Wednesday, 11 April 2012

Ask the right question

When I graduated from medical school, my father (who was also a general surgeon) told me to listen to the patient, because 80% of the time the patient will tell you the diagnosis.  They may not come right out and say, "Doc, I have appendicitis," but if you read between the lines, patients' stories often speak louder than any CT scan or blood test.  However, you usually have to listen very closely and always ask the right questions.

I was consulted on a 41 year old man with severe anemia and what looked like bleeding into his abdomen on CT scan.  He was a pretty healthy guy, he took no medications, and he had no prior surgeries.

The reason I was called is because 99% of the time intra-abdominal bleeding is due to trauma.  I asked the man if he had been in a car accident recently - no.  Had he been kicked or punched in the abdomen?  Nope.  Fallen on his side?  No again.

Well, damn.  I looked at his CT scan, and sure enough it looked to me like he had a ruptured spleen.  I searched my brain for any other reason for him to have a ruptured spleen.

Bicycle accident?  Any violent coughing or sneezing fits?  Grizzly bear attack?  ANYTHING?  No, no, and no.  I obviously wasn't asking the right question.  Regardless, he was bleeding to death internally and needed surgery.  I took him to the operating theatre and removed his spleen that looked like this:


After surgery, I decided I had to do some investigating.  I had to know why this man's spleen popped.  He admitted to lightly "bumping" his abdomen against a concrete bird feeder earlier that morning as he was trying to move it, but a simple little bump shouldn't cause the spleen to burst.  Unless it was enlarged.  Enlarged...wait just a second!  I suddenly had a hunch.  Maybe I just hadn't asked the right questions yet...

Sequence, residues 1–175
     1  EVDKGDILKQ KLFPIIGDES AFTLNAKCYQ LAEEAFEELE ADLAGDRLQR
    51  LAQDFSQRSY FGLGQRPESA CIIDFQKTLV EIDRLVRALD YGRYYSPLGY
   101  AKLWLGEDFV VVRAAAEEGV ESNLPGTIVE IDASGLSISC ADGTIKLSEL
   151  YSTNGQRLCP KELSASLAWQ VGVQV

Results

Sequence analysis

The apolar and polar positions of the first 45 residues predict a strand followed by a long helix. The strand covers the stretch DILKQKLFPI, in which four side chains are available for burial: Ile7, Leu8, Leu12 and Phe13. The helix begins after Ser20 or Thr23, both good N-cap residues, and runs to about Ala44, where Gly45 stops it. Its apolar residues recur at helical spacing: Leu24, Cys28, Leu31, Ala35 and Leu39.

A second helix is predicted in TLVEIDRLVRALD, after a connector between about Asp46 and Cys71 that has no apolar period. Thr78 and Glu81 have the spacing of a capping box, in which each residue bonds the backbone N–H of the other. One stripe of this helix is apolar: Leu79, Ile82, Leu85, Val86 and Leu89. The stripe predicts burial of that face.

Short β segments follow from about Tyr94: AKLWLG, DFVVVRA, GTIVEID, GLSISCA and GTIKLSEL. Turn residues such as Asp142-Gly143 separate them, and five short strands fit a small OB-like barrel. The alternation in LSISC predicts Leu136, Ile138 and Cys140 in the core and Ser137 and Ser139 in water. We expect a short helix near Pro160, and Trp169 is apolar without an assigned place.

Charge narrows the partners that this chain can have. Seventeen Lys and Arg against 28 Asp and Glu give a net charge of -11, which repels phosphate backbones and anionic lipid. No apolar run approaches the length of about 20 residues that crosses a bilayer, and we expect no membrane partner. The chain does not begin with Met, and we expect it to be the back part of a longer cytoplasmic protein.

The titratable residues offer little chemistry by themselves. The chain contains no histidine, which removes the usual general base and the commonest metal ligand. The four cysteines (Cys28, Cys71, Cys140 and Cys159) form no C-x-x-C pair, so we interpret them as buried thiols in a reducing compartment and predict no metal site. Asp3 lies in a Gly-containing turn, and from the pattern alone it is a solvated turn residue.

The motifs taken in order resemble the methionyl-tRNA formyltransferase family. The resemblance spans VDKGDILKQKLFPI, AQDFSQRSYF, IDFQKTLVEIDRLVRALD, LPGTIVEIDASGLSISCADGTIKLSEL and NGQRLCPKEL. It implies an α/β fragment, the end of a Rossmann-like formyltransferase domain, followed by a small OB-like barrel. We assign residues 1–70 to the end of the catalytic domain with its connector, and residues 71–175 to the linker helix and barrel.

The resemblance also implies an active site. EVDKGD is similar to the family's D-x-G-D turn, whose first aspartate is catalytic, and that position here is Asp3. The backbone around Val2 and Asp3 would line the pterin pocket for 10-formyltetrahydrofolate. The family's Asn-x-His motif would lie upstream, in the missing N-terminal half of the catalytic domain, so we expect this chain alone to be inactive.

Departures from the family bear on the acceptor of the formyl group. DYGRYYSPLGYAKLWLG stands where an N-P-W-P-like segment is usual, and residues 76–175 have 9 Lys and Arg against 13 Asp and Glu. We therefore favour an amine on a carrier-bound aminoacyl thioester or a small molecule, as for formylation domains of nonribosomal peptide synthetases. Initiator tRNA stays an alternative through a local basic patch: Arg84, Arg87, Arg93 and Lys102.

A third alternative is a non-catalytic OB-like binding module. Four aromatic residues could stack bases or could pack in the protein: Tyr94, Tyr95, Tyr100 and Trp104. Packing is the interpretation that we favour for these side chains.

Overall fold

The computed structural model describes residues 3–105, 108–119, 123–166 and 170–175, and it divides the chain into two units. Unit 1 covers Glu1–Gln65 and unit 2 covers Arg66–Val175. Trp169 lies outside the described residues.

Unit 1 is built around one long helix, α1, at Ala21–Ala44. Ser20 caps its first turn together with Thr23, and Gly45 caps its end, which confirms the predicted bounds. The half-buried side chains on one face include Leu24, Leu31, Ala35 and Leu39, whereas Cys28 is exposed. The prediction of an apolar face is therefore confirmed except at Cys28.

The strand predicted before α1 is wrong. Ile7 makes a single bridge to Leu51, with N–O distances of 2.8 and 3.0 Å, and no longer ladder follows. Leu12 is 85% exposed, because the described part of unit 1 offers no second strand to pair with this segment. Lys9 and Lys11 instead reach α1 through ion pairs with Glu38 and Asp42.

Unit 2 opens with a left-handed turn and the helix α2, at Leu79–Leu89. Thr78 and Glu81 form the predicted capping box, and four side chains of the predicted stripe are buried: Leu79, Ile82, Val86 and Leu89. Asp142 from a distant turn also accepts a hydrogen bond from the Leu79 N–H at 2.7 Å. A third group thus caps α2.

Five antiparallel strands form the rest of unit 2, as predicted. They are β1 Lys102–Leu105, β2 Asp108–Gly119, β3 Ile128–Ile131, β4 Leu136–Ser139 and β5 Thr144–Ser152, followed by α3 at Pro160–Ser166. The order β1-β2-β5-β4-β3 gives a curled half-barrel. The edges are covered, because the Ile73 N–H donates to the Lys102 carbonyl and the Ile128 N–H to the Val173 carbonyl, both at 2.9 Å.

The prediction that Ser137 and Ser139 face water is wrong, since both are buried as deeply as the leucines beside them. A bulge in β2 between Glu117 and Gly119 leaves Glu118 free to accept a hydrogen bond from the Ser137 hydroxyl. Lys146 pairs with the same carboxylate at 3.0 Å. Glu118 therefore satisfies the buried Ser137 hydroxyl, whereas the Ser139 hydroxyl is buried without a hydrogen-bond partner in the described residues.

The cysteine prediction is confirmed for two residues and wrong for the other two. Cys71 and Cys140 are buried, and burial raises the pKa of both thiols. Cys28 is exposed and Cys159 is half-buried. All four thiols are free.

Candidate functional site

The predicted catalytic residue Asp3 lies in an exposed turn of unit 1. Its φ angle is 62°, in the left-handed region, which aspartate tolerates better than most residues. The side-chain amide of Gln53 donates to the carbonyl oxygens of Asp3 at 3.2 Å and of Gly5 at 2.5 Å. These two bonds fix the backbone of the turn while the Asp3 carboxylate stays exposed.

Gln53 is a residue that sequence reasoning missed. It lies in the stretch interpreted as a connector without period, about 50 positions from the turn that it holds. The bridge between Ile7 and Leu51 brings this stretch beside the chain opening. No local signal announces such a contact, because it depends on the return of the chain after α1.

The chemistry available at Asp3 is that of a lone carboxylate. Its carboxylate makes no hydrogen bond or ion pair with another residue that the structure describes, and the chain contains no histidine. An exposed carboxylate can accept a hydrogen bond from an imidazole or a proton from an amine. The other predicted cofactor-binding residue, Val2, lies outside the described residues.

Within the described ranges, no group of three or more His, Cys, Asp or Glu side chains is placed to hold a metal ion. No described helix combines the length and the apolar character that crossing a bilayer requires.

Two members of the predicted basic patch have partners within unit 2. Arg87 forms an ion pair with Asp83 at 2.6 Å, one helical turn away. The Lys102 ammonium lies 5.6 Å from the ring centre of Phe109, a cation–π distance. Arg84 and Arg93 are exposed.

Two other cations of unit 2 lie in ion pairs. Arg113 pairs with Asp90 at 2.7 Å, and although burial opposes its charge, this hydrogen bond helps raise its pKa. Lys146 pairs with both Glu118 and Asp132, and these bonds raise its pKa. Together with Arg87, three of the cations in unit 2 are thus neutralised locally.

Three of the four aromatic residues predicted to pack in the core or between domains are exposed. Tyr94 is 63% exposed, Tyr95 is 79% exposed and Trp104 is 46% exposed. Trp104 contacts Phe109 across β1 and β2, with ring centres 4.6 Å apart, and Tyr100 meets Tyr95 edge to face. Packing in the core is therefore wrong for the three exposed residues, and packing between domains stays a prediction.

I asked him if he'd been feeling very fatigued lately, and he said he had.  I asked him if he had a terrible sore throat recently, and he said he had.  Any fevers?  Yes indeed.  He started looking at me strangely. "What does my cold have to do with my spleen, Doc?"

This was no ordinary cold.  His monospot test confirmed that he had infectious mononucleosis, also called "mono".  Mono can cause the spleen to become quite enlarged, and his had enlarged so much that his little "bump" was enough to cause it to rupture.

His postoperative course was uneventful, and he went home a few days later.  "How did you figure that out?" he asked me just before he left.  I just smiled but didn't answer him - it just wasn't the right question.

10 comments:

  1. Good catch Doc! Wish I had you at my local hospital.

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  3. Great job Doc! I was just wondering, when do you have the time or opportunity to take these photos? Are taken as part of the procedure or do you take them yourself?

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    1. I always have my phone with me, and whenever I have an interesting specimen, I take a picture. I just replaced the photo above with a picture of the actual specimen.

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  4. Is it just me or is that a heart-shaped pail?

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  5. I know you hate House Doc, but you're starting to sound like him!

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    1. I agree! Whenever I read a post, the Doc takes on one of a few different voices and appearances. Sometimes he's Dr. Greg House, sometimes Jack Shepard from Lost, I can't think of the others right now, but those are the main two.

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  6. I love you Doc! Would you ever be interested In a position as an honorary older DocBro? I've always wanted a brother - and doctors are badass!

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